ZFS is designed so that all writes are transactional. A write is either successful and the data is written to disk, or it fails and no data gets written. This means that the data on-disk is always consistent.
From an application's perspective, there are two types of write operations to a POSIX compliant filesystem: asynchronous and synchronous.
An asynchronous write passes the data to the filesystem and then continues, effectively assuming that the data is safe. In comparison, a synchronous write passes the data to the filesystem and then waits until the filesystem acknowledges that the data is safe.
The difference can be seen in what happens if the filesystem or server has a problem (e.g., power fail). In an asynchronous write, the data may only be buffered in RAM and is therefore lost, although the application believes it is safe. With synchronous writes, the data will be definitely be safe because the filesystem only reports back to the application when it is definitely written.
So while the ZFS on-disk data is consistent, it's possible, using asynchronous writes, to lose data in transit. For synchronous writes, ZFS uses a feature called the ZFS Intent Log (ZIL).
When a synchronous write request is made to the filesystem, the data is first written to the ZIL. This ensures the data is safe on disk and the application is free to continue. ZFS will then flush the contents of ZIL to the filesystem at a specified interval (roughly every 5 seconds).
By default, the ZIL is allocated disk blocks from the pool. This leads to a situation where data is written to disk twice, once to the ZIL and secondly to the actual filesystem. This double writing can slow things down.
One option to speed things up is to use a Separate Log (SLOG in ZFS terminology) on which to locate the ZIL. This is typically a flash/SSD drive. Synchronous writes can be logged quickly to the SLOG and then written to slower disk later, speeding up the response to the application. When using a SLOG, the recommendation is to use a mirrored ZIL to ensure that the data is truly safe before being committed to disk.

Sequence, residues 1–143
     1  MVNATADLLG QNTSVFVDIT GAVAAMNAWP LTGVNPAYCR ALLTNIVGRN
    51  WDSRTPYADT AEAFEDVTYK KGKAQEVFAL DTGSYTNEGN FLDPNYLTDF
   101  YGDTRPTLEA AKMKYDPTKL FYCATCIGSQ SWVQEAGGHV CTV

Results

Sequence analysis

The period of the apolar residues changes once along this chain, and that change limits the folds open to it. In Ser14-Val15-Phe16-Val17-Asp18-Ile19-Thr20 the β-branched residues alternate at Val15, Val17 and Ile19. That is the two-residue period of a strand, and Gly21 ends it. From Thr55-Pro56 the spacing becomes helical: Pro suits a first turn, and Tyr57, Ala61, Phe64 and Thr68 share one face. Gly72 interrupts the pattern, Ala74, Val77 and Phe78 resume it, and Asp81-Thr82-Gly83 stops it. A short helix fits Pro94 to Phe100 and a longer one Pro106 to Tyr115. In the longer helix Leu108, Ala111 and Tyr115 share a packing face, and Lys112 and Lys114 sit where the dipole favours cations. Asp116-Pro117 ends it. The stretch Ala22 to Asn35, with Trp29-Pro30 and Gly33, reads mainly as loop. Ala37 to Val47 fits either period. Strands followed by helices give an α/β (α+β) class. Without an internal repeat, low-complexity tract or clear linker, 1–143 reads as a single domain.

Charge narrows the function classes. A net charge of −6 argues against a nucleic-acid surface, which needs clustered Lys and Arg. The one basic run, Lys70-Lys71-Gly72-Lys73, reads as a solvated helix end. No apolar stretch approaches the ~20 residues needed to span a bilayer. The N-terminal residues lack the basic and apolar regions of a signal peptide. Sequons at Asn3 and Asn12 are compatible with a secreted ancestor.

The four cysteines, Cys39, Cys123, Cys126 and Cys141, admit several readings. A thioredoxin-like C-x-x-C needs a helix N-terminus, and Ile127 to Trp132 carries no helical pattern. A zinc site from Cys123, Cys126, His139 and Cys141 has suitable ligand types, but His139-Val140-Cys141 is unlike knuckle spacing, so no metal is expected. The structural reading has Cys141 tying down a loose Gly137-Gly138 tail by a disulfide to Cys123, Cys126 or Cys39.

|Synchronous Writes with separate ZIL|
How does this impact on NFS?
It is common for an NFS client to write synchronously to an NFS server in order to get an acknowledgement that the data is safely committed to disk. This means that an NFS server with a ZFS filesystem will be performing ZIL writes and come with the associated overheads. This also means the NFS client will be blocked until it receives an acknowledgement back from the server. This can result in "poor performance" when running ZFS and NFS together.
|NFS with synchronous writes|
There are a couple of options that can speed things up:
The NFS client may opt to mount the filesystem asynchronously. This means that the data will sit in the server's RAM buffers until a transaction group commit and is therefore vulnerable to power failure. NFS clients mounting asynchronously may therefore lose data.
Another option is to disable the ZIL on the NFS server. This effectively makes all synchronous writes asynchronous from the ZFS perspective. Again, data in transit may be lost. Recent versions of ZFS refer to this as sync=standard (default, synchronous writes are written to the ZIL), sync=always (paranoid, everything is written synchronously) or sync=disabled (makes all writes asynchronous).
|NFS with async or ZIL disables|
Whether NFS async or disabling the ZIL is a risk worth taking depends on the nature of your data. VMware vSphere appears (based on my reading which I'm assuming to be true) to use synchronous writes when using NFS datastores, which can impact on performance. Applying some of the tuning detailed above may help improve performance in a virtual environment.